14    }
15hook Telemetry::sync()
16    {
17    for ( id, v in log_writes )
18        {
19        local log_id = to_lower(gsub(cat(id), /:+/, "_"));
20        Telemetry::counter_family_inc(log_writes_cf, vector(log_id));
21        }
22    }

For the use-case of tracking log writes, this is unlikely to be required, but for updating metrics within high frequency events that otherwise have very low processing overhead it’s a valuable approach. Note, metrics will be stale up to the next Telemetry::sync_interval using this method.

Table sizes

It can be useful to expose the size of state holding tables as metrics. As table sizes may increase and decrease, a Telemetry::Gauge is used for this purpose.

The following example records the size of the Tunnel::active table and its footprint with two gauges. The gauges are updated during the Telemetry::sync hook. Note, there are no labels in use, both gauge instances are simple globals.

 1module Tunnel;
 3global tunnels_active_size_gf = Telemetry::register_gauge_family([
 4    $prefix="zeek",
 5    $name="monitored_tunnels_active",
 6    $unit="1",
 7    $help_text="Number of currently active tunnels as tracked in Tunnel::active"
10global tunnels_active_size_gauge = Telemetry::gauge_with(tunnels_active_size_gf);
12global tunnels_active_footprint_gf = Telemetry::register_gauge_family([
13    $prefix="zeek",
14    $name="monitored_tunnels_active_footprint",
15    $unit="1",
16    $help_text="Footprint of the Tunnel::active table"
19global tunnels_active_footprint_gauge = Telemetry::gauge_with(tunnels_active_footprint_gf);
21hook Telemetry::sync() {
23    Telemetry::gauge_set(tunnels_active_size_gauge, |Tunnel::active|);
24    Telemetry::gauge_set(tunnels_active_footprint_gauge, val_footprint(Tunnel::active));

Example representation of these metrics when querying the Prometheus endpoint:

$ curl -s localhost:4242/metrics | grep tunnel
# HELP zeek_monitored_tunnels_active_footprint Footprint of the Tunnel::active table
# TYPE zeek_monitored_tunnels_active_footprint gauge
zeek_monitored_tunnels_active_footprint{endpoint="zeek"} 324.000000 1658929821941
# HELP zeek_monitored_tunnels_active Number of currently active tunnels as tracked in Tunnel::active
# TYPE zeek_monitored_tunnels_active gauge
zeek_monitored_tunnels_active{endpoint="zeek"} 12.000000 1658929821941

Instead of tracking footprints per variable, global_container_footprints, could be leveraged to track all global containers at once, using the variable name as label.

Connection Durations as Histogram

To track the distribution of certain measurements, a Telemetry::Histogram can be used. The histogram’s buckets have to be preconfigured.

Below example observes the duration of each connection that Zeek has monitored.

 1global conn_durations_hf = Telemetry::register_histogram_family([
 2    $prefix="zeek",
 3    $name="monitored_connection_duration",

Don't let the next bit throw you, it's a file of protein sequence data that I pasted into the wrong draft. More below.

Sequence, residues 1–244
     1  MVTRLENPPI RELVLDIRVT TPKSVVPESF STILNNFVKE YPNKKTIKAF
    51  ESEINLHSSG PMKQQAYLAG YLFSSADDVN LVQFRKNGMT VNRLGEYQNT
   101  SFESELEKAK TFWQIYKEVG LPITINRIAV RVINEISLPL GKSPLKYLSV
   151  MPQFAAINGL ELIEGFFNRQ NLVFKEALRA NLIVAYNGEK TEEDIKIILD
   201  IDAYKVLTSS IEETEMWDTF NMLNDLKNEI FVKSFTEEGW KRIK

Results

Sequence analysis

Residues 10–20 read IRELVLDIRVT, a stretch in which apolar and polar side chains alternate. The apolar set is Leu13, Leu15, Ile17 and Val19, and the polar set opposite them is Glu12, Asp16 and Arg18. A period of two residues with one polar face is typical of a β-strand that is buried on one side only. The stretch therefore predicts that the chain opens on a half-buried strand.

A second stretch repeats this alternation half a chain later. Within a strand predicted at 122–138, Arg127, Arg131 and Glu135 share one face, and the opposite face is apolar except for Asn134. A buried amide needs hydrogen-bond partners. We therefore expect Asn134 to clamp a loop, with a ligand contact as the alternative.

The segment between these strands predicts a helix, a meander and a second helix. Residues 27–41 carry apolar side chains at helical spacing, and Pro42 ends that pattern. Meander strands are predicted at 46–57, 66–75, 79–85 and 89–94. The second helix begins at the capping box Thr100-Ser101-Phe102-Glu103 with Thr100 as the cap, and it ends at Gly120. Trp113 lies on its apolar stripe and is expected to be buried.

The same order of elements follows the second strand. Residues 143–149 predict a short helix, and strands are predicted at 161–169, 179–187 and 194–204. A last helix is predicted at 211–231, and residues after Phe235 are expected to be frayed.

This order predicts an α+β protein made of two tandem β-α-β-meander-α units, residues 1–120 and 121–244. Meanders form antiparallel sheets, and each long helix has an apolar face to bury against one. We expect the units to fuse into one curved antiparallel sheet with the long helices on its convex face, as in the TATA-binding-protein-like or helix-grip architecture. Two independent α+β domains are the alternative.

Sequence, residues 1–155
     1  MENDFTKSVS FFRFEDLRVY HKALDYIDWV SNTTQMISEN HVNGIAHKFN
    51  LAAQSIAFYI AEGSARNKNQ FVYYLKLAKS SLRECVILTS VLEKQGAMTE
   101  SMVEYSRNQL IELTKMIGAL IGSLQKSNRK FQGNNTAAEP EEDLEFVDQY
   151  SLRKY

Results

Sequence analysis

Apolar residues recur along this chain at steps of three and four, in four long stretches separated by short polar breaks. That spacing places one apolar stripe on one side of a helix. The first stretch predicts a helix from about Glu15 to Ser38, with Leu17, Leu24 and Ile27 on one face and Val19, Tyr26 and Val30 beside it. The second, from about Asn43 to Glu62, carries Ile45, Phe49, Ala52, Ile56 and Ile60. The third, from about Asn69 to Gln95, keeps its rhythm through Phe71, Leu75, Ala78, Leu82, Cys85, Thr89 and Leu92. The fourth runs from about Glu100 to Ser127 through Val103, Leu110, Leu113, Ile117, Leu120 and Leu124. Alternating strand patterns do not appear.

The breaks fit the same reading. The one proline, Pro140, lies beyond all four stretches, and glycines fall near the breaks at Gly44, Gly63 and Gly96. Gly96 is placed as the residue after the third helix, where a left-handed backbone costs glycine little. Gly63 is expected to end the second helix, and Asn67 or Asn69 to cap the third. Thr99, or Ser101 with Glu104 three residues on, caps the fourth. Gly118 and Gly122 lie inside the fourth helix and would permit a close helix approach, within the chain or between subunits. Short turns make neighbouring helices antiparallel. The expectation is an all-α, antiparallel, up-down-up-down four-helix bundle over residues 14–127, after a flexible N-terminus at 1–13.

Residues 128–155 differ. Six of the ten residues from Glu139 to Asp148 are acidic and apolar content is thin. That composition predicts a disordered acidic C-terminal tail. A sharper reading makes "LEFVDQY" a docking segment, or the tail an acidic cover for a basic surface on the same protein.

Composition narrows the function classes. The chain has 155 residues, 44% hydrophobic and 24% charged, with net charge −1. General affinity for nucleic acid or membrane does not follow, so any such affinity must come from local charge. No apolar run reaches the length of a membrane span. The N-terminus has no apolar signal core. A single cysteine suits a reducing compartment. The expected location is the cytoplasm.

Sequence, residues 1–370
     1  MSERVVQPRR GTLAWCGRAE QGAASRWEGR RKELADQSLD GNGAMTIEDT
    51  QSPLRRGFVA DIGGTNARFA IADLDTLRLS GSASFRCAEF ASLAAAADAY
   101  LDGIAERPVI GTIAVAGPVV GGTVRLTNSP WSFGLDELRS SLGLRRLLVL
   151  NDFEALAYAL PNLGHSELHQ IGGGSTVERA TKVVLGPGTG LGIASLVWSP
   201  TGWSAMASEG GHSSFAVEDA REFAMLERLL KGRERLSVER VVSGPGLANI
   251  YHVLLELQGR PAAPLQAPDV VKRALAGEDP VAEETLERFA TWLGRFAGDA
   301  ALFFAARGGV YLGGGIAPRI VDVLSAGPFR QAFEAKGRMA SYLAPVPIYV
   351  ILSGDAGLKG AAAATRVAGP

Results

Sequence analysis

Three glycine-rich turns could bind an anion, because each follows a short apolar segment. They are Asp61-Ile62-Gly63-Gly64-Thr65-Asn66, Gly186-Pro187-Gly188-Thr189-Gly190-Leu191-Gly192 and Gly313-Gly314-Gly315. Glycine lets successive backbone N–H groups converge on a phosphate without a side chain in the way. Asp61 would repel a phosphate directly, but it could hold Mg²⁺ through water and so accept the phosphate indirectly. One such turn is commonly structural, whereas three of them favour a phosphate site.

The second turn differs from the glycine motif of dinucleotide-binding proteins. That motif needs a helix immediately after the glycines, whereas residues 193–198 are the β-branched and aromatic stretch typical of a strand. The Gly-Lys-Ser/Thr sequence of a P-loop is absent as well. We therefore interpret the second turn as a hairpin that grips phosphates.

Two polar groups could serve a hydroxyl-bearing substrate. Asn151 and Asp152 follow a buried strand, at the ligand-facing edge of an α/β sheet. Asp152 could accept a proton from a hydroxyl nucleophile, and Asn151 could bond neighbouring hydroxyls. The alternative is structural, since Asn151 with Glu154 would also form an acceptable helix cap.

4    $unit="seconds",
 5    $help_text="Duration of monitored connections",
 6    $bounds=vector(0.1, 1.0, 10.0, 30.0, 60.0),
 7    $labels=vector("proto", "service")
10event connection_state_remove(c: connection)
11    {
12    local proto = cat(c$conn$proto);
13    local service: set[string] = {"unknown"};
15    if ( |c$service| != 0 )
16        service = c$service;
18    for (s in service )
19        {
20        local h = Telemetry::histogram_with(conn_durations_hf, vector(proto, to_lower(s)));
21        Telemetry::histogram_observe(h, interval_to_double(c$duration));
22        }
23    }

Due to the way Prometheus represents histograms and the fact that durations are broken down by protocol and service in the given example, the resulting is rather verbose.

$ curl -s localhost:4242/metrics | grep monitored_connection_duration
# HELP zeek_monitored_connection_duration_seconds Duration of monitored connections
# TYPE zeek_monitored_connection_duration_seconds histogram
zeek_monitored_connection_duration_seconds_bucket{endpoint="zeek",proto="udp",service="dns",le="0.100000"} 970.000000 1658931613557
zeek_monitored_connection_duration_seconds_bucket{endpoint="zeek",proto="udp",service="dns",le="1.000000"} 998.000000 1658931613557
zeek_monitored_connection_duration_seconds_bucket{endpoint="zeek",proto="udp",service="dns",le="10.000000"} 1067.000000 1658931613557
zeek_monitored_connection_duration_seconds_bucket{endpoint="zeek",proto="udp",service="dns",le="30.000000"} 1108.000000 1658931613557
zeek_monitored_connection_duration_seconds_bucket{endpoint="zeek",proto="udp",service="dns",le="60.000000"} 1109.000000 1658931613557
zeek_monitored_connection_duration_seconds_bucket{endpoint="zeek",proto="udp",service="dns",le="+Inf"} 1109.000000 1658931613557
zeek_monitored_connection_duration_seconds_sum{endpoint="zeek",proto="udp",service="dns"} 1263.085691 1658931613557
zeek_monitored_connection_duration_seconds_count{endpoint="zeek",proto="udp",service="dns"} 1109.000000 1658931613557
zeek_monitored_connection_duration_seconds_bucket{endpoint="zeek",proto="tcp",service="http",le="0.100000"} 16.000000 1658931613557
zeek_monitored_connection_duration_seconds_bucket{endpoint="zeek",proto="tcp",service="http",le="1.000000"} 54.000000 1658931613557
zeek_monitored_connection_duration_seconds_bucket{endpoint="zeek",proto="tcp",service="http",le="10.000000"} 56.000000 1658931613557
zeek_monitored_connection_duration_seconds_bucket{endpoint="zeek",proto="tcp",service="http",le="30.000000"} 57.000000 1658931613557
zeek_monitored_connection_duration_seconds_bucket{endpoint="zeek",proto="tcp",service="http",le="60.000000"} 57.000000 1658931613557
zeek_monitored_connection_duration_seconds_bucket{endpoint="zeek",proto="tcp",service="http",le="+Inf"} 57.000000 1658931613557

To work with histogram data, Prometheus provides specialized query functions. For example histogram_quantile().